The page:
Objective: Environmental public health (EPH) practice is a vital component of the nation's public health system. Yet, a number of national reports have found that the disjointed structure of the EPH system hinders our ability to protect the public's health. This article examines the EPH organizational and workforce configurations in the US Northeast/Mid-Atlantic region and raises questions as to how to measure whether these varied configurations impact EPH performance. Methods: A review of national reports and state-specific documents and 39 EPH practitioner interviews. Results: Study findings revealed wide ranging organizational configurations and workforce challenges in the region. Although this study depicts just one region of the country, it provides insight into the complexity and variety of EPH structures and workforce throughout the nation. This diversity presents challenges in our ability to understand, measure, and evaluate EPH performance. Conclusions: This research has implications for the future of the national EPH system. As we move toward a more "outcomes focused" government, it is essential to the future of EPH to develop better ways to accurately assess, measure, and evaluate EPH performance. These study findings, along with a discussion on how to further advance EPH performance measures, helps facilitate this necessary shift to a more measurable, outcome-based EPH system.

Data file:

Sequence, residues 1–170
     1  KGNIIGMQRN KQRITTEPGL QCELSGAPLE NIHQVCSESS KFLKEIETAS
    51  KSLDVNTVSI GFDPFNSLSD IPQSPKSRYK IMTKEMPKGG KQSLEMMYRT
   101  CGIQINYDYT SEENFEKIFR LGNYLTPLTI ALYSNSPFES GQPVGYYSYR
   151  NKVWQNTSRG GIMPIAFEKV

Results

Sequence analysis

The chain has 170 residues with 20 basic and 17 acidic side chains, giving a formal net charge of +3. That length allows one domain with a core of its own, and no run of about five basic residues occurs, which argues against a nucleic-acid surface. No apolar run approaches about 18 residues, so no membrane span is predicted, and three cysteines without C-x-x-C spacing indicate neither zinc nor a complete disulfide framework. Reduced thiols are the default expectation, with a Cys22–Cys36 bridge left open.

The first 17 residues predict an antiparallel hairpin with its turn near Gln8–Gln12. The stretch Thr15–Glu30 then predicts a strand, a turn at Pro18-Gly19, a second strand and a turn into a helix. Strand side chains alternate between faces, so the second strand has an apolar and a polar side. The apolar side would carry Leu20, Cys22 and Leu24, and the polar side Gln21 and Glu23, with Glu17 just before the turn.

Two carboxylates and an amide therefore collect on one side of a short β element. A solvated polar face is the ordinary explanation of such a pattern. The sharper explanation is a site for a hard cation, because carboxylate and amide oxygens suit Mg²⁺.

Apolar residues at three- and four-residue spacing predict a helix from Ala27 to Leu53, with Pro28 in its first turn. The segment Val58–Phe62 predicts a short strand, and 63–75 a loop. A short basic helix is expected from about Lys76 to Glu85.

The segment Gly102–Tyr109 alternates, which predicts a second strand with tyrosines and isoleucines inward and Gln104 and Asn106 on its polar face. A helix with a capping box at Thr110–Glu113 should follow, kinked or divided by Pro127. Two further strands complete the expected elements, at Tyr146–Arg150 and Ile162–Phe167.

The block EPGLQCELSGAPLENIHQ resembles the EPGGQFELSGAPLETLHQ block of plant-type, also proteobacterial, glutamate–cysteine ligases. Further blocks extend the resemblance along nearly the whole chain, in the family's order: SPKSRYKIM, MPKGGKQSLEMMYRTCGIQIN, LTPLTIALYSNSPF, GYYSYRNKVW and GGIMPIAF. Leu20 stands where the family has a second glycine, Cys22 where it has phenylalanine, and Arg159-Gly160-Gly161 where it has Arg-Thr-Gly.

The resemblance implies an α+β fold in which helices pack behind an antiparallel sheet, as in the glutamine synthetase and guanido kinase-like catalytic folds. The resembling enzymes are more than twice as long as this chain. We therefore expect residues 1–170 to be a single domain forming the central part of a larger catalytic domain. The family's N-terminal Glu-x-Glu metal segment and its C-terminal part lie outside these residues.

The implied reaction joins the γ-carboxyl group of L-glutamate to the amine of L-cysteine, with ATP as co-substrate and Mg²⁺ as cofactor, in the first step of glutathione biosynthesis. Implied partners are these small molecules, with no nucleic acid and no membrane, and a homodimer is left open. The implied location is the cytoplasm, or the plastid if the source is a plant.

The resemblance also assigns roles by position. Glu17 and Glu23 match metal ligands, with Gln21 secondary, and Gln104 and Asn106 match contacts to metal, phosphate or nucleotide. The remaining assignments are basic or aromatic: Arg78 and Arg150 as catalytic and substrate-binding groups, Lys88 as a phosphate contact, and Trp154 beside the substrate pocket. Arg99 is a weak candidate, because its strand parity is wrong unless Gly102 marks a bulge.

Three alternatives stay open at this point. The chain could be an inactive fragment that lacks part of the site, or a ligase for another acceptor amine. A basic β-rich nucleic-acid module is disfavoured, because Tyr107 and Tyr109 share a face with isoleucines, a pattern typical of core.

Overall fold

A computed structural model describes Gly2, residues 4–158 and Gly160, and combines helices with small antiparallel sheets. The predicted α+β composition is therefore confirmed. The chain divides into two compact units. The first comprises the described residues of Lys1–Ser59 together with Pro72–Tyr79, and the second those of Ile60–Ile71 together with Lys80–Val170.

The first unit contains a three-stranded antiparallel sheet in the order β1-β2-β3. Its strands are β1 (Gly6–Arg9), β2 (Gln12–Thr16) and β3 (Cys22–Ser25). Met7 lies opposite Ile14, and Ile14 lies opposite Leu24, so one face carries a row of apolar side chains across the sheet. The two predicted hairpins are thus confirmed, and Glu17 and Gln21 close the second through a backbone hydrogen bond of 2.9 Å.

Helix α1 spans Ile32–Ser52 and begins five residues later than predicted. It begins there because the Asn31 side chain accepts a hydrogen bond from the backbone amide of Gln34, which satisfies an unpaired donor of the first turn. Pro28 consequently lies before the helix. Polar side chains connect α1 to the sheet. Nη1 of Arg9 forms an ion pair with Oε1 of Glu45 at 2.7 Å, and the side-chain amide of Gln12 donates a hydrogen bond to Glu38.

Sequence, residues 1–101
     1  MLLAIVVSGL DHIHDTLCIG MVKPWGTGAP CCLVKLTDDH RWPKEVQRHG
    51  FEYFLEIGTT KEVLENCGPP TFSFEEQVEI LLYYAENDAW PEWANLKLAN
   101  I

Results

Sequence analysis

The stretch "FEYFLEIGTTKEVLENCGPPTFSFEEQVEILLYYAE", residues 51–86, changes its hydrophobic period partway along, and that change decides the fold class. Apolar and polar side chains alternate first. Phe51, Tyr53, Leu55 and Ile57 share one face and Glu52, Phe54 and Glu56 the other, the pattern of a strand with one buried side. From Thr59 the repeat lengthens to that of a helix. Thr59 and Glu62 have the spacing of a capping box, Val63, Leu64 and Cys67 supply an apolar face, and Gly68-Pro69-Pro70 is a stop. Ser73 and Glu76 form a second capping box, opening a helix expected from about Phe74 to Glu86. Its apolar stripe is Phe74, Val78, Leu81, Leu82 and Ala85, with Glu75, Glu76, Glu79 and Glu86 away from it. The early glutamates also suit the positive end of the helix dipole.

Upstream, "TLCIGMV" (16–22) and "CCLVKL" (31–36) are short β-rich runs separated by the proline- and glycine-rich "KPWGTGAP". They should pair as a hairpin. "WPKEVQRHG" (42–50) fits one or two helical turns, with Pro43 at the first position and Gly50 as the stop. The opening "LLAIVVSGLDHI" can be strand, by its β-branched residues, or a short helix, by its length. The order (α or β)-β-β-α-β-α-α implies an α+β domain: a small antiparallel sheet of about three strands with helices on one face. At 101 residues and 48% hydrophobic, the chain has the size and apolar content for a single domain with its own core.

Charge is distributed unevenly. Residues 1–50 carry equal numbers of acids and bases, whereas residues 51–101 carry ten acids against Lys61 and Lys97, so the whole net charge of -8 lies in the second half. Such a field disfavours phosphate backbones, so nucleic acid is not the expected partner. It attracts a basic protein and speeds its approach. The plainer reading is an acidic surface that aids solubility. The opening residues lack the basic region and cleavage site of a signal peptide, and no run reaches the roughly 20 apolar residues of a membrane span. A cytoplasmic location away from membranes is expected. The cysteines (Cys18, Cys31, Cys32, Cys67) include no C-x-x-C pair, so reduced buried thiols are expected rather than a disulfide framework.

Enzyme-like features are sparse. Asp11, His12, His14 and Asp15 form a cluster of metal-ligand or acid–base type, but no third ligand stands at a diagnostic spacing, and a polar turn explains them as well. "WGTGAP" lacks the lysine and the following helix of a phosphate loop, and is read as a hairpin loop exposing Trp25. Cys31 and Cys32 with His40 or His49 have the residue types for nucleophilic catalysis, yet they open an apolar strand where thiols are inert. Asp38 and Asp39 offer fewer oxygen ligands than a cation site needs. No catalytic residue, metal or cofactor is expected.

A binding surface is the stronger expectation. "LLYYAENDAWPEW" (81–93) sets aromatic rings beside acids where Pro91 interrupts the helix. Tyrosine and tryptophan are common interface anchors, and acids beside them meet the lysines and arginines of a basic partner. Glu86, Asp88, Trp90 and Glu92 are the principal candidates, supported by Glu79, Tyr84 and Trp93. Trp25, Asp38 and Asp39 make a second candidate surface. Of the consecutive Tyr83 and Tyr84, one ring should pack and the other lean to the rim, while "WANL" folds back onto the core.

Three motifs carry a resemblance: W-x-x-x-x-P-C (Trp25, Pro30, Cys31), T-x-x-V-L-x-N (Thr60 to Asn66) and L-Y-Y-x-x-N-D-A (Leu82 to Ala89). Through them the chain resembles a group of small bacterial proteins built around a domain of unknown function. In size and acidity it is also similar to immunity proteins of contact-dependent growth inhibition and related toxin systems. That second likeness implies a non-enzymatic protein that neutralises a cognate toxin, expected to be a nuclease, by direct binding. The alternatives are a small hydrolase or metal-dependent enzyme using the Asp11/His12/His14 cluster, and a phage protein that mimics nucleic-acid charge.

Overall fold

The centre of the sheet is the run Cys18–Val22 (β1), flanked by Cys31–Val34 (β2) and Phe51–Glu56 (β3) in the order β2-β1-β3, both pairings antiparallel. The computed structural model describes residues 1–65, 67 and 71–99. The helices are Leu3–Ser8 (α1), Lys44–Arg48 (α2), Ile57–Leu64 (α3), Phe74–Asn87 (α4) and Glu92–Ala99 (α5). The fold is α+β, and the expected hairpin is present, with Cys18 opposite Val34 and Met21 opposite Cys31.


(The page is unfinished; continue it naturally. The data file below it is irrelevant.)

- Environmental public health
- Environmental public health organizational configuration
- Performance measures
ASJC Scopus subject areas
- Health Policy
- Public Health, Environmental and Occupational Health